“There’s enough pressure in baseball,” DeJesus said. “To put that on, in addition to coming to the field and trying to hit 95 [mph fastballs] every day, that’s just going to weigh on you. All I can do is go out there and play the game the way I know how to play it, with passion and with the team logo on my heart.”
Growing up in Manalapan, N.J., the young DeJesus waited each day for the sound of the garage door opening at 5 p.m. It meant his father was home from work. It also meant baseball.
Nearly every day, Heryk DeJesus would take his three sons to the park after work to hit and shag baseballs. A native of Puerto Rico, the patriarch insisted his sons learn the game he loved so dearly. In cold weather (which is not uncommon in New Jersey), they retreated to the basement, where Heryk set up a makeshift backstop with a mattress and blankets hanging from the ceiling. The DeJesus boys hit balls flipped to them or off of a tee.
“That constant persistence of perfecting the swing and getting good pitches and stuff like that, I think that got me where I am today,” he said.
DeJesus broke into the big leagues with the Kansas City Royals in 2003 and has since enjoyed a solid career offensively, with the exception of 2011’s injury-hampered campaign. He’s a smart situational hitter who grinds out at-bats, gets on base, runs the bases hard and scores runs.
In his first year with the Chicago Cubs, DeJesus said he felt right at home—even though he’s not exactly a big-city guy.
“We decided we weren’t downtown people so we moved out to the suburbs,” he said. “I don’t like the hustle and bustle of the city. I like the open space. I like the Target being one floor instead of three.”
In a move of surprising prescience, the couple actually bought their 15-room brick mansion more than a month before DeJesus signed with the Cubs. They figured no matter where he signed, they would at least be close to Kim’s parents, who also live in Wheaton. For Kim, joining the Cubs—the team she grew up rooting for—was pure serendipity.
“We didn’t know he was going to be with the Cubs, obviously,” said Kim DeJesus, 31, a graduate of Wheaton Warrenville South High School. “I think I cried pretty much the whole day after finding out.”
As anyone with children can attest, it’s a luxury to live near grandparents. Scott and Shelley Iliff, Kim’s parents, help with Kingston, which allows Kim to travel with David on road trips from time to time. It also frees the couple up for the occasional date night at a vegan restaurant. (Kim, a part-time model, is a vegan; David is not.)
Being able to live in your hometown and drive to your husband’s home games is something of a dream come true for a baseball wife, Kim said.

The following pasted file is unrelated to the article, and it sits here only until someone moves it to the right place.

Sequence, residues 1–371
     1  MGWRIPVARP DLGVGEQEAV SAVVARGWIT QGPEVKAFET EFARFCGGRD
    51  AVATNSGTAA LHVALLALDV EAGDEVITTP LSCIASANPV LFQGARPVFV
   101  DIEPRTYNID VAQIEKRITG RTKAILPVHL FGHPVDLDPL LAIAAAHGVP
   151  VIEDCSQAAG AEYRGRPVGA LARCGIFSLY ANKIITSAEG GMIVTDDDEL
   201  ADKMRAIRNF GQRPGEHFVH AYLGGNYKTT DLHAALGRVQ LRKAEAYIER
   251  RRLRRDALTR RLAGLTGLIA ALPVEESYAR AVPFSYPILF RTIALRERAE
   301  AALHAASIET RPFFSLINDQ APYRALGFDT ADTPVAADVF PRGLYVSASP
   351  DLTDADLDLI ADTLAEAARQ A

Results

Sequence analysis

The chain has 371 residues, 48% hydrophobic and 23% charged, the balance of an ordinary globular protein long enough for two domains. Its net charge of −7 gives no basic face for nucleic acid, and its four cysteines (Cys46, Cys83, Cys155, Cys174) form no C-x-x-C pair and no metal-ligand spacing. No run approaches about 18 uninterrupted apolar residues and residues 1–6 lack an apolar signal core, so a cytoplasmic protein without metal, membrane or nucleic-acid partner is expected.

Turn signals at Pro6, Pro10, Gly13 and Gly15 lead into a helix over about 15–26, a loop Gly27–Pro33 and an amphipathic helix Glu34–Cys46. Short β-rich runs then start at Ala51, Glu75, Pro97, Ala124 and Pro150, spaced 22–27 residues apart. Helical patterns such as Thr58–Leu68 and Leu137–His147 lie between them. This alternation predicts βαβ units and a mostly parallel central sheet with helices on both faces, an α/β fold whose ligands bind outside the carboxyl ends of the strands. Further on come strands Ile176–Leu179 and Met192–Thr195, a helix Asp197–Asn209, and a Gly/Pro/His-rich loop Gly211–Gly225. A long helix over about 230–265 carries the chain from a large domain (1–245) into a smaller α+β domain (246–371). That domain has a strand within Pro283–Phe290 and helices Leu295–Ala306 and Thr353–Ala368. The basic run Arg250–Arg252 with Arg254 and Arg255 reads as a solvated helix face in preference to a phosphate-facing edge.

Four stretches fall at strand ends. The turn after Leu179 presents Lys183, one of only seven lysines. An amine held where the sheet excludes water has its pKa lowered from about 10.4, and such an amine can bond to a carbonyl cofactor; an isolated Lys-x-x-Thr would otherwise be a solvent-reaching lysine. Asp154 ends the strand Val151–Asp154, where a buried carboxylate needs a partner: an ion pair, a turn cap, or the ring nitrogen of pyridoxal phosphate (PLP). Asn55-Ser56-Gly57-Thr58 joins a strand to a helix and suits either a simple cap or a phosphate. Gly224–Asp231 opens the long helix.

“You can never complain in this lifestyle because it comes with so many blessings,” she said. “But living here, close to my parents, it makes it so much easier.”
Nothing is certain in the unpredictable business of baseball. DeJesus’ contract expires after 2013, with an option for the 2014 season. Add the ever-present possibility of a trade, and time in one location is never guaranteed. But the couple hopes to put down roots in Wheaton, and at Wrigley, for the foreseeable future.
“We plan to be here as long as possible. This is going to be our home base,” DeJesus said. “It makes it better when you’re playing for your hometown team, and you can go 45 minutes to home at the end of the season or at the end of the day. And I love being a Cub.”
Legacy in the Making
Lanky pitcher Jeff Samardzija stood on a chair in the clubhouse and slowly waved a radio antenna around like a divining rod, searching for a signal, before that late-April game against the Cardinals. Soon, Blue Oyster Cult and Robert Plant were blasting throughout the locker room, as players filtered in and out for batting practice. The 2012 Cubs were a team with notably good clubhouse chemistry, even after the mid-season trade departures. And several players spoke in glowing terms about DeJesus’ daily contributions.
Johnson, for example, immediately took a liking to DeJesus’ professional demeanor. So much so, he asked DeJesus to take the empty locker next to his own.
“In a city like this, if you have a guy who’s too uptight, the city can pick you apart,” Johnson said before his trade to Atlanta. “He’s got that good personality, good sense of humor, but when the bell rings, he’s ready to go.”